Turkish faces of Islamic political revival

Since the Crypto-Jewish ‘Young Turk Movement’ under the leadership of Gen. Kemal Pasha, abolished Ottoman dynasty in 1923 and declared a western-style ‘secular/democratic’ state of Turkey – the 99.7% Muslim Turkish majority has gone through four military coups (1960, 1971, 1980 & 1997) – in order to keep the majority of public who wanted to get rid of the pro-West corrupt and anti-Islam regimes.

In 2002, the Turkish majority voted a grass-rooted AKP party with some ‘Islamic’ credentials. In 2007, AKP was re-elected by securing 47% of the total votes, more than it received in 2002. During its 8-year rule, the Justice and Development Party (AKP) under Recep Tayyip Erdogan has managed to devaluate the dictorial powers of Kemalist-dominated Army and Judiciary. It has also succeeded in shifting its foreign policy from being a local Muslim-agent for the US-Israel political/military agenda in the Middle East. However, Erdogan government, so far, has avoided to insert Islam into the Constitution.

I would like to call Erdogan being the first player to pave the way for the establishment of law and order based on Islamic governance. However, I would hesitate to call Erdogan an ‘Islamist’. He, in fact, fits the picture of ‘a Turk with Western mind but Muslim heart’. Why? Because Erdogan is on record for saying: “It is nothing but delusion to believe that a state can be run by Islamic teachings” and “We don’t need people who are good Qur’an reciters; rather we need people who are sagacious, avid readers and who can interpret the world affairs. Politics can’t be managed by just having beards”. Erdogan has proved to be more concerned with improving people’s economic condition than giving support to Islamic revival, at least in public. However, he and his family continues to practice Islam in their private lives.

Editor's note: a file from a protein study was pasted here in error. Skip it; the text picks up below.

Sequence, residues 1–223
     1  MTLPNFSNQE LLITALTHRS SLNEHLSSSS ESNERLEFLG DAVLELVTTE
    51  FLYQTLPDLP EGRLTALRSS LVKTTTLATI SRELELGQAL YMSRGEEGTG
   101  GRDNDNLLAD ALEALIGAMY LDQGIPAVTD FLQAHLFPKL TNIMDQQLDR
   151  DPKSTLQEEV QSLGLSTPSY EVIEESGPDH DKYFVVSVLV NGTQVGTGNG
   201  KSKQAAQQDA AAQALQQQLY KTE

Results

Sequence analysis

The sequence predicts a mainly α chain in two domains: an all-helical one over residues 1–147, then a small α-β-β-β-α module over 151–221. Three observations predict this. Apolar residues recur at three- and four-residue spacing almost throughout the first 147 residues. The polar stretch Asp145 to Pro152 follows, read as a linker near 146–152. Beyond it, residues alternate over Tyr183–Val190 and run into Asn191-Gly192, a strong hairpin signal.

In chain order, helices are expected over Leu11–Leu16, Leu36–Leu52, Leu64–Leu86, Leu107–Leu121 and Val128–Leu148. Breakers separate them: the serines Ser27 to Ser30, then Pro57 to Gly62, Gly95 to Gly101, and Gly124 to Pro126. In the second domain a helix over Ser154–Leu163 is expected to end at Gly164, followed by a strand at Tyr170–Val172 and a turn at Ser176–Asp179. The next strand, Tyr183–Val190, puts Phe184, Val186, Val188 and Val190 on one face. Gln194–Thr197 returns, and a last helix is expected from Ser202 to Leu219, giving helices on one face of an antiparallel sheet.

Erdogan is a shrewed politician and great orator, but lacks Islamic thinking. His adviser and the current foreign minister, Ahmet Davudoglu, has filled that void. Ahmet Davudoglu is not a politician but holds a PhD in political science and have a very strong Islamic background. Therefore, he is not the best choice to continue the Islamic political revival process began by Erdogan when the later retires from active politics in 2015.

The person, who combines the qualities of both Erdogan and Ahmet to continue the process – is no other than Numan Kurtulmus, former head of the Felicity Party (SP) and the current leader of the newly established Voice of the Public Party (HAS). He is an old friend of Erdogan but has turned into his chief political rival. The party has been called ‘anti-West’ and ‘anti-Israel’ for its members being on board of  Mavi Marmara, which became the target of Israeli fascism on May 31, 2010.

Numan (born 1959) is not only a seasoned politician, orator but also has a PhD in Economy from University of Cornell (USA).

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One Response to Turkish faces of Islamic political revival

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